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Welcome to RPGFan's Best RPGs of the 6th generation of consoles feature. With the PlayStation 2 now being on its last legs, we thought it would be fun to take a look back at the previous generation of consoles and pick our favorite RPGs released on those systems. The 6th generation of consoles started with the release of the Sega Dreamcast in 1998 (Japan) followed by the PlayStation 2, GameCube and Xbox consoles. Below you'll find links to each editor's Top 5 RPGs of the generation as well as an Overall RPGFan Top 10 list.

Neal Chandran Eric Farand Patrick Gann
John P. Hussey Josh Lewis Kyle E. Miller
John McCarroll James Quentin Clark Chris Winkler
Damian Thomas Kimberley Wallace Sam Hansen
RPGFan's Top 10 List

Kyle E. Miller's Top 5

5) Knights of the Old Republic (Xbox) - A top five RPGs of the last generation list wouldn't be complete without an entry from the Western world. While there are a few other Japanese RPGs worthy of this spot (namely Tales of Symphonia, Xenosaga, and Digital Devil Saga), Bioware must be represented, as they are the masters of choice-based storytelling. And, KOTOR is one of the best. It combined an enthralling universe with competent gameplay, but where it truly succeeded was in the creation of a good, neutral, or evil main character, all based on the player's decisions. Even to this day, RPGs struggle to emulate KOTOR's ability to make the player feel truly good or evil, and I'm not sure it's been topped.

4) Shadow Hearts: Covenant (PS2) - This selection may come as a surprise to some, as Shadow Hearts: Covenant doesn't bring anything particularly unique to RPG history. Nevertheless, it is one of the most solid RPGs of the last generation, and one of the most underrated. While not too original in terms of gameplay, Covenant's characters and story elements are as fresh as can be. The quirky characters aren't there just for novelty, however, as they combine to create a touching and epic storyline, one of the few to bring me close to tears. Along with excellent gameplay overall, fun character progression, and a mind-blowingly intense soundtrack, these elements culminate into one of the most enjoyable titles of the past generation. My memories with Yuri and his demons are as fond as can be.

3) The Legend of Zelda: Twilight Princess (GC) - A fan of just about every Zelda installment out there, I was absolutely thrilled about the release of a more realistic title when compared to the previous one, Wind Waker. Although Wind Waker didn't disappoint me (in fact, I think it's great), I found Twilight Princess to be nearly as perfect as a Zelda title could be. The game possesses a simple, yet well-told story and a great new character, Midna, along with awesome gameplay including mounted combat, puzzling dungeons, and a wide, beautiful world to explore. Twilight Princess is action adventure at its very best, and I doubt anyone can do much better. This is what the Zelda series has always strived to be.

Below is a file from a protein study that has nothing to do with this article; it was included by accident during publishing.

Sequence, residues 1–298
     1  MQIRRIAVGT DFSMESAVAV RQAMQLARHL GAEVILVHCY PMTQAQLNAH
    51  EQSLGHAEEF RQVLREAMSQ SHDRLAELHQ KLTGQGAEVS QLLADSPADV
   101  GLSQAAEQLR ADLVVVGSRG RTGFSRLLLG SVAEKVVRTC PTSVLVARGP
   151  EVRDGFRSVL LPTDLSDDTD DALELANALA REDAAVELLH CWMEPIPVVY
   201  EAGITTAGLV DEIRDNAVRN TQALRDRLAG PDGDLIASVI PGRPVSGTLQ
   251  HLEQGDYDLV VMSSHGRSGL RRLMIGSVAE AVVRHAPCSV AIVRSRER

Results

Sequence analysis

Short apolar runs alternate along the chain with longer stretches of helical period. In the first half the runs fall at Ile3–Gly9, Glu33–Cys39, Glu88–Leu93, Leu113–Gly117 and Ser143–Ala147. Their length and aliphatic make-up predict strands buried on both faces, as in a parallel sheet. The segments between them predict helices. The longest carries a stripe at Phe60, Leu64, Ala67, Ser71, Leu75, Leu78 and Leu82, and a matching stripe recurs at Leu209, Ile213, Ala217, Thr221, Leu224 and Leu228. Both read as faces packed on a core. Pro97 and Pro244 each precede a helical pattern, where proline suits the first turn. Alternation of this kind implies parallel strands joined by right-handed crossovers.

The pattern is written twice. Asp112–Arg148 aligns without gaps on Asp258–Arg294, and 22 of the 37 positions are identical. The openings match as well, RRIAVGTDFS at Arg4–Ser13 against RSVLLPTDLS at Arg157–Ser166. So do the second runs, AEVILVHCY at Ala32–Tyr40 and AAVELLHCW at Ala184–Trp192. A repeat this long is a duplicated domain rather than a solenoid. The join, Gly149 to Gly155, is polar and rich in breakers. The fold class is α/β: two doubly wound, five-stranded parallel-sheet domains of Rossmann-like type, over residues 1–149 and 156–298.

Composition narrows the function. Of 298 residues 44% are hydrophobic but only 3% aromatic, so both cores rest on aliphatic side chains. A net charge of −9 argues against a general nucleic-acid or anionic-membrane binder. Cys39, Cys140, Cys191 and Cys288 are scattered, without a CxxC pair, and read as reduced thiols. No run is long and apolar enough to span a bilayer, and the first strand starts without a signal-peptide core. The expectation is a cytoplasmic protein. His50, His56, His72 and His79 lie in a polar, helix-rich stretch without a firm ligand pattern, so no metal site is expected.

2) Final Fantasy X (PS2) - Final Fantasy X: one of the best traditional RPGs to date, the last Final Fantasy to appear before the series' departure from its roots, and the reason I purchased a PS2. Although FFX doesn't introduce spectacular new mechanics to the RPG formula, it simply does everything right and better even than subsequent Final Fantasies. The story and characters approach high art, and the game world is one of the most unique of the Final Fantasies, and the most beautiful. Despite some changes to the series, such as the lack of an overworld that put it behind classics like FFVII, FFX retains the true feel of the previous entries in the series. Currently the final true Final Fantasy in many regards, FFX is an unforgettable adventure with an atmosphere and beauty rarely achieved even today.

1) Shin Megami Tensei: Persona 3 and Persona 4 (PS2) - Released at the end of the PS2's life, Persona 3 quickly became one of my favorite RPGs of all time. Not only that, but it stood out as soulful, profound, and artistic in an age when games are challenged for the lack of such intangibles. Despite sounding terrible in theory (time limit, one randomly generated dungeon, traditional battles), Persona 3 played out almost perfectly. Indeed, no flaws readily come to mind, and it constantly pushes for the evolution of Japanese RPGs. Persona 3 offers a challenging and engaging system of gameplay, but best of all, it possesses what may be the most memorable, realistic cast of characters in RPG history. Persona 3 left me longing for more time with these endearing characters that I almost feel I can appropriately call friends. Persona 4 employed an almost identical system as Persona 3, with improvements along the way. Despite those improvements, which include a better story and incredibly endearing NPCs, Persona 4 does not top its predecessor due to its reliance on previously established material. Thus, both Persona 3 and 4 take the top position.



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